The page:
Sunday, August 15, 2004

Misinterpreting Negative Obeservations

As with everything on this blog but in particular here: this should be seen as a rough draft. At this stage, I'm not writing this to try to convince anyone, I'm writing it as a starting point for understanding and building my argument

Consider the following

P1: Teddy is unfair to others
P2: That's the way he is, do you expect him to act differently?

Imagine that P1 was just saying this because they wanted to express their disaproval of Teddy, and they wanted to make this disaproval clear to P2. P1 might want to get P2's help in doing something about Teddy's behaviour. In this situation, P2's response to P1 was inappropriate.

P1's statement was an observation that was critical of something (Teddy's behaviour), yet P2 took it as a statement of disbelief and/or a statement that the past should have been different. I think P2's response is illustrative of a common way of thinking. I think kind of thinking people don't necessarily explicitly interpret the statements in the mistaken way, but implicitly interpret them this way, through the way they think about them and respond to them.

In some situations it may be the case that P1's statement really was an expression of disbelief, and/or it was an after-the-fact expression that the past should have been different, such that P2's response would have been fine. But the point I'm trying to make here is that in the situations where neither of these things are the case, it is very common for people to interpret statements as if they were. I'm saying that there's some bias there in the way many people think that makes them interpret statements in this way, even if they really don't have any grounds for doing so.

I want to explain why I believe it is quite valid to make disapproving observations. While it is pretty much just whinging if you're constantly making disapproving observations for no good reason, it's fine to just express your opinion on the topic -- no different to saying you liked or disliked a film, or saying that the weather has been hot lately.

There may be a point to making the disaproving observation. You may just bring up things you notice, and you may be the kind of person that tries to do what they can about things they notice. You may just bring up the thing to see what the other person has to say about the topic -- whether they think Teddy is also unfair to others or not. This could help firm up your opinion -- or you might just find out that you've just caught Teddy at a bad time and that usually he's quite reasonable.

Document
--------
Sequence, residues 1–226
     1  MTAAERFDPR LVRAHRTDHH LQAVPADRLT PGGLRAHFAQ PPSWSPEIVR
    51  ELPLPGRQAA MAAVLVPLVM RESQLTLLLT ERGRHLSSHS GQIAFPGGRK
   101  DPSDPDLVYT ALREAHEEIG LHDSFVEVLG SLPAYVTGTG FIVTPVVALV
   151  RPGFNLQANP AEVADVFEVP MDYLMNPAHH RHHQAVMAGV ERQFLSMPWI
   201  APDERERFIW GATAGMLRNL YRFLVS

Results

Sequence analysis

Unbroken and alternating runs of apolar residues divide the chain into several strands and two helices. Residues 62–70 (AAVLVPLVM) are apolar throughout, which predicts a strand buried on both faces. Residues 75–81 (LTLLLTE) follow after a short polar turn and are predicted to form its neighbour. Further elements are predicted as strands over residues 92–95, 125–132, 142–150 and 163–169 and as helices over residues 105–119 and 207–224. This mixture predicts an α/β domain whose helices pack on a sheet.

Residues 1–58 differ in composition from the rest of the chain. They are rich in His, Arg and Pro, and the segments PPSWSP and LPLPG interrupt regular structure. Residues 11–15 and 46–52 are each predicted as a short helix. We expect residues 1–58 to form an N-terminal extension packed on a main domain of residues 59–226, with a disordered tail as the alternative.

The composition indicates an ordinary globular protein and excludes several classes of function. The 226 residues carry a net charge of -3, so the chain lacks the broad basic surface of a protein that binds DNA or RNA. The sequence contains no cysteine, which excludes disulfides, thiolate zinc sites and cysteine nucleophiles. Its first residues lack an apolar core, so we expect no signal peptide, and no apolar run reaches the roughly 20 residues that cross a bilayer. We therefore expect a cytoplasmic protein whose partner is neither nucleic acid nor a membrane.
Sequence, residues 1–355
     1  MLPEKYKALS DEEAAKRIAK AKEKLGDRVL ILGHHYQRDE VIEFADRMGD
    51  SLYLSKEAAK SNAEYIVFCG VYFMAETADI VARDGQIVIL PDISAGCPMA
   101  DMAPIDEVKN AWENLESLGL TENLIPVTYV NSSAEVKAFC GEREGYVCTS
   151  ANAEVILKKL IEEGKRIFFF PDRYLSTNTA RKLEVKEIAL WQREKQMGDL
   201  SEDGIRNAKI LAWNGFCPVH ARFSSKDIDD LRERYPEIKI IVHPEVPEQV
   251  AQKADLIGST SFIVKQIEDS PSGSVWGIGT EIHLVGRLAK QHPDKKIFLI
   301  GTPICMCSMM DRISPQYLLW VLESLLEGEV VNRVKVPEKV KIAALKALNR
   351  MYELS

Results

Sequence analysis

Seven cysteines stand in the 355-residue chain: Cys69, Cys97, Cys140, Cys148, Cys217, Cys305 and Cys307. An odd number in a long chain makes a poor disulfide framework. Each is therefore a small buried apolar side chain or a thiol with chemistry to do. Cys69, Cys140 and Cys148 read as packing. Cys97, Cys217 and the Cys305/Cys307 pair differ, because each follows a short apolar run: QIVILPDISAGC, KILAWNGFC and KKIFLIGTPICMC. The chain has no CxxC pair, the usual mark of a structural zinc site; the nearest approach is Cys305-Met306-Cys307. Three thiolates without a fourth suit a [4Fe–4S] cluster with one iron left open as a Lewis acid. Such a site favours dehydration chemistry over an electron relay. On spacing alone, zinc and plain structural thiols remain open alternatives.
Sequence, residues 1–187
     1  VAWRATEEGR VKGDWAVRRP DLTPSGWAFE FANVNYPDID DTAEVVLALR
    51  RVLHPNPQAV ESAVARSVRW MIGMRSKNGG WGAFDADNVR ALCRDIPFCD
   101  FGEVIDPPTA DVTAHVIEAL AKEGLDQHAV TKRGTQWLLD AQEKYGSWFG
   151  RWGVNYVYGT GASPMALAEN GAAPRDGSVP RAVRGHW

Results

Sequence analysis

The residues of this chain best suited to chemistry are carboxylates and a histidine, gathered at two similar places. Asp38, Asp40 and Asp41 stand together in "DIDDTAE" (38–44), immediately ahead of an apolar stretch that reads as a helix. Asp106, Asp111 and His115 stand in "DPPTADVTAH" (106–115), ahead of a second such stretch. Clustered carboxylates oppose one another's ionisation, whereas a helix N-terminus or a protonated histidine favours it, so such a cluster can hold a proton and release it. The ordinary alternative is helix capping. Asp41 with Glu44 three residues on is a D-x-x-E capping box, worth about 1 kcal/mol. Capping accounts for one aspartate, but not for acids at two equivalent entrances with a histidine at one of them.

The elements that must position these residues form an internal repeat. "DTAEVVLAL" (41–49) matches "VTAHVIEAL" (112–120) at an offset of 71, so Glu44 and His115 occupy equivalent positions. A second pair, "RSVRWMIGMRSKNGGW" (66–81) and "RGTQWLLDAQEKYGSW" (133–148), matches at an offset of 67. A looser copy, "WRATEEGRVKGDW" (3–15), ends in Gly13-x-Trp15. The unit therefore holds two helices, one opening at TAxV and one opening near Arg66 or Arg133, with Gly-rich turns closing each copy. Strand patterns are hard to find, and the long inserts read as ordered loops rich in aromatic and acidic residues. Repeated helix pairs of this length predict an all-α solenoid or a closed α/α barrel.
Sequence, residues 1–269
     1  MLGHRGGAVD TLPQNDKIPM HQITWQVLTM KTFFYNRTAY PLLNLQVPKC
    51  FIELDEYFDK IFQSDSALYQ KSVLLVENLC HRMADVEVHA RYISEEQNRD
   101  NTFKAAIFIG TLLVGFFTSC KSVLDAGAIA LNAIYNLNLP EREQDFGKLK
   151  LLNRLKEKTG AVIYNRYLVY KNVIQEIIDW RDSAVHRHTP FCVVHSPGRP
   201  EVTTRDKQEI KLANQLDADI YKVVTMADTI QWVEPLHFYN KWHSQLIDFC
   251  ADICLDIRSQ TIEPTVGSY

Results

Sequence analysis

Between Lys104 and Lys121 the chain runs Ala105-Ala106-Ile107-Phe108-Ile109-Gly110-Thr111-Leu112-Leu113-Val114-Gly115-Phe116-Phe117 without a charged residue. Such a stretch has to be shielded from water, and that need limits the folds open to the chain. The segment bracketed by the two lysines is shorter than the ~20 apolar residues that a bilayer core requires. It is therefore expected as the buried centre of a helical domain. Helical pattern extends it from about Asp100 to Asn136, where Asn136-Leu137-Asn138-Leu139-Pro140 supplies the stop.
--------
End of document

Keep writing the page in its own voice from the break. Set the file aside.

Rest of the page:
For complex problems, you first need to understand them. And identifying the various issues is an important part of understanding the overal problem. You won't be able to consider what can be done -- or whether anything can be done -- about the overal problem until you understand it. Or more simply, you may simply be stating the issues first before talking about how you want to address them. So disaproving observations are certainly valid things to make.

While these flawed interpretations may seem fairly obvious easy to spot, in practice they can be difficult to pick up and hard to know how to deal with them. You can even end up thinking there was something unreasonable about what you said. I think the first part of the reason for this is that responses based on such interpretations are true, and since truth implies validity, can easily be taken as an effective response.

Here's why the response is true. It says "That's the way he is, do you expect him to act differently?" and it is true because: yes, that is the way Teddy is, and true, I should not have expected him to be different to how he is. The thing is, of course, that a response doesn't just have to be true, it has to also be making a relevant point about the thing it is responding to. Unfortunately, people in general seem satisfied with truth by itself; you ave to be conscious that it has to be an appropriate truth. The second part of why it can be difficult to deal with such responses is that you have to be able to think of why it is not an appropriate type of response -- which is harder to do in the heat of the moment -- and you have to be able to explain this to, or illustrate this for, the other person.

I think this issue is more important than it seems. Here's a very quick sketch of why; I will have to come back to this later on. Such modes of interpretation create an environment where it is difficult to be critical of things unless you've got a solution you want to present. It leads to simplistic views on what's wrong with things, and to simplistic views on how problems can be fixed. Real, complex problems require a deep understanding in order to chart out reasonable ways of addressing them, and a deep understanding of things require you to go for long periods of time knowing a problem exists but not knowing what is causing it or how it can be addressed. In effect, such an environment acts as a barrier to gaining an adequate understanding of problems.

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